OSHKOSH, Wisconsin — The upcoming sturgeon spearing season in Wisconsin could be frustrating for participants who are expected to encounter murky water in Lake Winnebago and upriver lakes, according to the state Department of Natural Resources.
Some fishermen are beginning to scout out the underwater conditions in an effort to prepare for the beginning of sturgeon spearing season on Feb. 13, WLUK-TV (http://bit.ly/1nM2WA7 ) reported.
Craig Larson and Dustin Emerson ventured out onto the ice on Lake Winnebago near Oshkosh on Thursday morning. The ice was at least a foot thick, but "a little rough," and the water clarity was only about six feet, Larson said.
Last week, the clarity throughout Lake Winnebago was four to seven feet, with an average of six feet, according to Ryan Koenigs, a sturgeon biologist with the Department of natural Resources.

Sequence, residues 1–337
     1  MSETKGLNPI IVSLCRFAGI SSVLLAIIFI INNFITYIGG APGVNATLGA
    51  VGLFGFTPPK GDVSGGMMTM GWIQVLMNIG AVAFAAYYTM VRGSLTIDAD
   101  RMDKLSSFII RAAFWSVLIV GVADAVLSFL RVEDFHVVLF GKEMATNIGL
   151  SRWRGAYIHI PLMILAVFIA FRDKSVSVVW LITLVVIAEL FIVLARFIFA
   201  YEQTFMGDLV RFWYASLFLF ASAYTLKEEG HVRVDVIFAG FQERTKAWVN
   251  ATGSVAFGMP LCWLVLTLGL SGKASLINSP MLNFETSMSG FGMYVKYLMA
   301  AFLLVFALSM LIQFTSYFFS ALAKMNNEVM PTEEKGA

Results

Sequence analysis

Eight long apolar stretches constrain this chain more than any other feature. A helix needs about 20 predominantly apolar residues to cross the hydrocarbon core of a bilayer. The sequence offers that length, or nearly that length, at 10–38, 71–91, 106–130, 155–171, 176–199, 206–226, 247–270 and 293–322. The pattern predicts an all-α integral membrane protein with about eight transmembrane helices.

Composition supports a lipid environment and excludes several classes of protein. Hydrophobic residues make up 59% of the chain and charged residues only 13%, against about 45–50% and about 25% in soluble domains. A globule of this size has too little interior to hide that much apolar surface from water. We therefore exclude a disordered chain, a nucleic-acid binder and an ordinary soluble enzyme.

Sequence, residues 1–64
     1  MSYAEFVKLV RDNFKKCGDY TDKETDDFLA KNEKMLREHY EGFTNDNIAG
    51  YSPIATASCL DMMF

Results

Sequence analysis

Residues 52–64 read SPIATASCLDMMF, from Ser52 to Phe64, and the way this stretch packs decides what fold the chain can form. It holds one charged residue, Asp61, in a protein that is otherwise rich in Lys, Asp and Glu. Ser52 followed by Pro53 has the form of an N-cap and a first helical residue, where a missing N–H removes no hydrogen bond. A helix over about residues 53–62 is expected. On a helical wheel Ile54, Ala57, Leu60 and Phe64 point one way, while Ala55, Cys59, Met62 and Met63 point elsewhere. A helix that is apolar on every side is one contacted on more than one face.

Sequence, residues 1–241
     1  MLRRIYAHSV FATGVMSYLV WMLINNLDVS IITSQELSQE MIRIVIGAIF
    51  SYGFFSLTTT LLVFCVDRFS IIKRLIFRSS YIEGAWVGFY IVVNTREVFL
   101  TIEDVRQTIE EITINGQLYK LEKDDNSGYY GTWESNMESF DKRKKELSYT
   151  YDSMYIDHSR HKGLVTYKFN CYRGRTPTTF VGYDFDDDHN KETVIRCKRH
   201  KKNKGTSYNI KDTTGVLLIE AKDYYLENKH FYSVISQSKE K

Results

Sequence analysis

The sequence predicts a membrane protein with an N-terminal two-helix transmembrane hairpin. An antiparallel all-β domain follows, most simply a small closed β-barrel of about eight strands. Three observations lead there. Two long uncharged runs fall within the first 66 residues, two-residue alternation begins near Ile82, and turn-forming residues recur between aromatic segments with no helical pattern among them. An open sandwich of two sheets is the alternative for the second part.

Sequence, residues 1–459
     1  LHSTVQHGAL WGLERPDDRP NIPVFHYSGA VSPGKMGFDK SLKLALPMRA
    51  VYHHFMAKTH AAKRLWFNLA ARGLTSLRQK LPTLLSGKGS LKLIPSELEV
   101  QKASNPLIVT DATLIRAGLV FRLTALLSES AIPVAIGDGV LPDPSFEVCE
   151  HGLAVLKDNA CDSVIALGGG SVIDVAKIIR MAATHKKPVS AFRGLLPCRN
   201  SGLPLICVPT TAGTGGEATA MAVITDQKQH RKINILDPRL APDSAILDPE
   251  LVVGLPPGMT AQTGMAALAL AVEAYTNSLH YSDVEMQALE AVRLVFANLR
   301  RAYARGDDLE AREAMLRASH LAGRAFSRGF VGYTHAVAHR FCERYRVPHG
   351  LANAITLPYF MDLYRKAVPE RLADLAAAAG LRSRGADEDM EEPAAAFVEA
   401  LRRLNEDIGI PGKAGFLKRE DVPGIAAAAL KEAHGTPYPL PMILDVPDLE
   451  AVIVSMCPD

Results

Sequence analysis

A warm, wet December and a late freeze on the lake caused the cloudy conditions, he said.
Koenigs advises fishermen to focus on shallower water, where there might be better visibility.
He also believes a good hatch of the fish Gizzard Shad will help fishermen have success.
"And typically when those hatches occur, it concentrates fish more on the south end, and it's a bit shallower down there, so that might benefit some spearers as well," he said.
Fishermen will have more sturgeon to choose, according to Koenigs. The harvest cap for adult females will be 950, which is about a 15 percent increase over the past two years.
Although the water clarity could mean a longer season, many fishermen won't let the cloudy conditions stop them from starting right as the season begins.
"Well, it's spearing. I got to get out and do it. So, if it's dirty, I'm still going to be out there. It doesn't matter," Larson said.
Emerson agreed, because if you want to spear sturgeon, you can't do it from your couch.
"No matter what the clarity, you got to be out," he said.
Information from: WLUK-TV, http://www.fox11online.com